This may come as a shock, but 50% of women between ages 50 and 69 are experiencing some degree of uterine prolapse or another form of pelvic prolapse. That’s millions of women! Do you suspect you may be one of them? Unfortunately, uterine prolapse doesn’t always show symptoms, so many women have no idea they even have it. Here’s a rundown of common uterine prolapse symptoms, along with information on the other types of prolapse, with treatment options you can trust:
First of all, let’s define uterine prolapse.
This condition occurs when the uterus drops down into the vagina due to a lack of support from weakened pelvic floor muscles. Sometimes, the uterus bulges out of the vaginal opening.
Are you wondering how a uterus can fall like that?
In a nutshell, the pelvic floor supports several organs. Unfortunately, the pelvic floor can weaken for a variety of reasons.
What can weaken a pelvic floor?
Good question! Though not every case is clear cut, certain factors can raise your risk for developing uterine prolapse, including:
- Vaginal childbirth
- Chronic constipation
- Pelvic surgery
Do you suspect you have uterine prolapse or another type of pelvic prolapse? Let’s go into some of the most common symptoms:
- Pressure in the pelvis or lower back (or both)
- Uncomfortable sex/loss of sensation/sense of looseness
- Urinary issues (bladder leakage, feeling the constant urge to urinate and difficulty emptying bladder)
- Bowel issues (constipation, difficulties with rectal evacuation and stool leakage)
- Bulge protruding from the opening of the vagina
- Feeling as if something is falling out
Where the weakness in your pelvic floor is occurring will determine what type of pelvic prolapse you have:
- As you know from above, uterine prolapse occurs when the uterus drops into the vagina. Also called apical prolapse, uterine prolapse is due to ligament detachments or stretching.
- Cystocele affects the bladder. The most common form of prolapse, cystocele occurs when your bladder protrudes into your vagina, resulting in a bulge. Common causes include vaginal childbirth, age, heavy lifting, chronic cough, chronic constipation or repeated straining during bowel movements.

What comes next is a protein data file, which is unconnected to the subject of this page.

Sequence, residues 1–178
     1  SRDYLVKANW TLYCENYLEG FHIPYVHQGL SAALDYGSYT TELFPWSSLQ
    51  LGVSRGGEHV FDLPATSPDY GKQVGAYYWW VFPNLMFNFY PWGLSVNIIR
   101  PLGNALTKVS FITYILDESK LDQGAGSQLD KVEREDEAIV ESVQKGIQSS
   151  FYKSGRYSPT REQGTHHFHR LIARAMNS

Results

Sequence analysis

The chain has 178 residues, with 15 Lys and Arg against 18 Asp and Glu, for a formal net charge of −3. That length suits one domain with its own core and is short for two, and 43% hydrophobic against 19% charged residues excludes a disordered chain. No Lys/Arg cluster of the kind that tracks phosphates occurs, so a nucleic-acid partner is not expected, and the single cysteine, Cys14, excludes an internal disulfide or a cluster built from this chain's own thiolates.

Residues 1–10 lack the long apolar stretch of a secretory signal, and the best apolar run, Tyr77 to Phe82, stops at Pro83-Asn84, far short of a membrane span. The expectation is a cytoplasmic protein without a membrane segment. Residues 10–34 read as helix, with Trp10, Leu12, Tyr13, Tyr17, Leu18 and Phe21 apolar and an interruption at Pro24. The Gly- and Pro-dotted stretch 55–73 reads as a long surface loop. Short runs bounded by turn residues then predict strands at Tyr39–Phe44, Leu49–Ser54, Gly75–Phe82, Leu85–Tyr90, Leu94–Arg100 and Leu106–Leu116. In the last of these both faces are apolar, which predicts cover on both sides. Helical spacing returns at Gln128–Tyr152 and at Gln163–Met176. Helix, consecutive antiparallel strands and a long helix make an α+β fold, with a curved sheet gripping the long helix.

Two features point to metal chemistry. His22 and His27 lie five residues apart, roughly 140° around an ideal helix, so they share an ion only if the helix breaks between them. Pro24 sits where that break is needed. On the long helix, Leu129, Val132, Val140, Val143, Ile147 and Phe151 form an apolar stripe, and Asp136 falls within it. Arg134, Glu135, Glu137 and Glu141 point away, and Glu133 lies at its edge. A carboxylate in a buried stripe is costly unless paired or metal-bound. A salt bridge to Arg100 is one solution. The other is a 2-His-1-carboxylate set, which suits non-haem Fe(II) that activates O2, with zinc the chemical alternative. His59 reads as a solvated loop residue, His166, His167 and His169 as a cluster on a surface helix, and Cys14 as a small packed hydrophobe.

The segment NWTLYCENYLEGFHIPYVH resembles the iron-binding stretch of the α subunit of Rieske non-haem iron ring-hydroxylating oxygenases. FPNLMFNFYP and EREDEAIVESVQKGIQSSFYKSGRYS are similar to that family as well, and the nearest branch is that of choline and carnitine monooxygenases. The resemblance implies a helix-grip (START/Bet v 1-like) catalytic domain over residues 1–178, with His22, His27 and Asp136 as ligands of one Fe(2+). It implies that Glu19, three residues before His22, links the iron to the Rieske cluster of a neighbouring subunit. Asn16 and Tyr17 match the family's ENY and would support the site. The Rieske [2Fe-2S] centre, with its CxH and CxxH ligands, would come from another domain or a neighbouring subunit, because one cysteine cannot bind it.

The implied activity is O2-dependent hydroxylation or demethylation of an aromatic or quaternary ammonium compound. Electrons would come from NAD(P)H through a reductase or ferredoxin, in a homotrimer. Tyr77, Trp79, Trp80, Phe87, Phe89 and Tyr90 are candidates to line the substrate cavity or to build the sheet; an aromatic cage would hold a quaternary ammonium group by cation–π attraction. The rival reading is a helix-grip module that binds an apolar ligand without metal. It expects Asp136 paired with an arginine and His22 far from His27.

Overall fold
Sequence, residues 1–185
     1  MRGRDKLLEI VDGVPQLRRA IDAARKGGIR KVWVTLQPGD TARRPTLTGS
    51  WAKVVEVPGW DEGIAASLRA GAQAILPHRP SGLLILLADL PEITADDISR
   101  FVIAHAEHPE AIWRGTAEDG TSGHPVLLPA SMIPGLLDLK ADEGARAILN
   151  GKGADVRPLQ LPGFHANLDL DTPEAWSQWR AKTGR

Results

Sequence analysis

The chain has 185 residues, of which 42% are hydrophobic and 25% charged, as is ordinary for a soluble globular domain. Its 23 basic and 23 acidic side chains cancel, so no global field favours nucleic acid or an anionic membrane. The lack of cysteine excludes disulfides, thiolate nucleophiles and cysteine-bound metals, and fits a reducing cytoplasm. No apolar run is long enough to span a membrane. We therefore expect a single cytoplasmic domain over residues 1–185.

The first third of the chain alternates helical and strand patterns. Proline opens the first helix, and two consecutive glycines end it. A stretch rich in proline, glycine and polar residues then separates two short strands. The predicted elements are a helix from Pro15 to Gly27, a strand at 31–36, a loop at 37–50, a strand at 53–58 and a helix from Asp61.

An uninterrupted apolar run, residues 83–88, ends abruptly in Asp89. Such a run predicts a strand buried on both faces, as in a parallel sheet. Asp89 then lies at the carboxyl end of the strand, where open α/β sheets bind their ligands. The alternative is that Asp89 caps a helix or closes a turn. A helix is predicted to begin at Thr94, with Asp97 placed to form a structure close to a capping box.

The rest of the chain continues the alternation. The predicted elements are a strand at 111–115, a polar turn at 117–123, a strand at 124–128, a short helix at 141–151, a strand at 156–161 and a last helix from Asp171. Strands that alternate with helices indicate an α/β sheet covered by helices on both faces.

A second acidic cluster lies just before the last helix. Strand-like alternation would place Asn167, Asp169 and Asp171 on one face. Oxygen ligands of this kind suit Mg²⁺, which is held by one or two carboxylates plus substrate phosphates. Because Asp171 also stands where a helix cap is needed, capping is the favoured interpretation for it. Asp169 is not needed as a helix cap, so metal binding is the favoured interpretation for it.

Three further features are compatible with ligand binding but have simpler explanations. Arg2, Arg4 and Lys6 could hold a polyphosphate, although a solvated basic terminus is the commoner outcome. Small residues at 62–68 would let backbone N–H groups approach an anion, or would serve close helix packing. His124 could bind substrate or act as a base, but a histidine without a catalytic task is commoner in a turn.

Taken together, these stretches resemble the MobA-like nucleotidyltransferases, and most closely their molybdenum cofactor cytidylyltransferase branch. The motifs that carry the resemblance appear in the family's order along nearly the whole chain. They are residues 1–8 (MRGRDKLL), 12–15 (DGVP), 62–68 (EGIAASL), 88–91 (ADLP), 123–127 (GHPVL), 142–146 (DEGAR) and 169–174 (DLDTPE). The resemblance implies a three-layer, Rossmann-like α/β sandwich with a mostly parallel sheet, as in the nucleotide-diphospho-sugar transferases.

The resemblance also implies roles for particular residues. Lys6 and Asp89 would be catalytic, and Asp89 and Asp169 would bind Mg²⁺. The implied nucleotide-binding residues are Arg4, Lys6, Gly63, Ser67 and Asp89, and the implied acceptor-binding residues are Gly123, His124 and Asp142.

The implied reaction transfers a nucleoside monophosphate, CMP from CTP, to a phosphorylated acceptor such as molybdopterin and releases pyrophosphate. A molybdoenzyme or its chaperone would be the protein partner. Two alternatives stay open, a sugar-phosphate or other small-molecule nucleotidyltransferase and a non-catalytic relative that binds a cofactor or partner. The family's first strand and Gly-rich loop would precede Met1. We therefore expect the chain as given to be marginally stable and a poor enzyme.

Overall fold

- Rectocele involves the rectum and occurs when the backside of the vaginal wall weakens, allowing the rectum to bulge into the vagina. Rectocele can occur by itself or in conjunction with another pelvic disorder, such as cystocele. Common causes include vaginal childbirth, hysterectomy, chronic constipation or pelvic surgery.
- Enterocele refers to a weak spot in the vaginal ceiling, causing the small bowel to prolapse into the vagina. Common causes include obesity, pregnancy and vaginal childbirth, repeated heavy lifting, constipation or straining with bowel movements, chronic cough or bronchitis.
Treatments for uterine prolapse and other forms of pelvic prolapse:
If you have no symptoms or only mild symptoms, you may be able to keep your prolapse in check with non-surgical options:
- Increasing your fiber intake to avoid constipation
- Strengthening your pelvic floor by doing Kegels
- Losing weight
- Vaginal pessary, a plastic or rubber ring inserted into your vagina to help support a bulging uterus
If your prolapse is more severe, we may help you find relief with surgery or a combination of surgical and non-surgical solutions. Biofeedback, for one example, is a training technique that helps you gain control over targeted muscle groups. Depending on your needs, biofeedback can include a variety of tools, including weighted vaginal cones or surface electromyography (sEMG), a device that measures the electrical activity of the pelvic floor and graphs the output so you can clearly see your progress.
Are you ready for an expert to take a look at your symptoms? You’re in the best of hands with Dr. Oscar A. Aguirre, one of the nation’s preeminent urogynecologists. Dr. Aguirre has dedicated his entire career to women’s pelvic health. In fact, women travel from all over the world to have their functional and aesthetic vulvovaginal concerns addressed by him.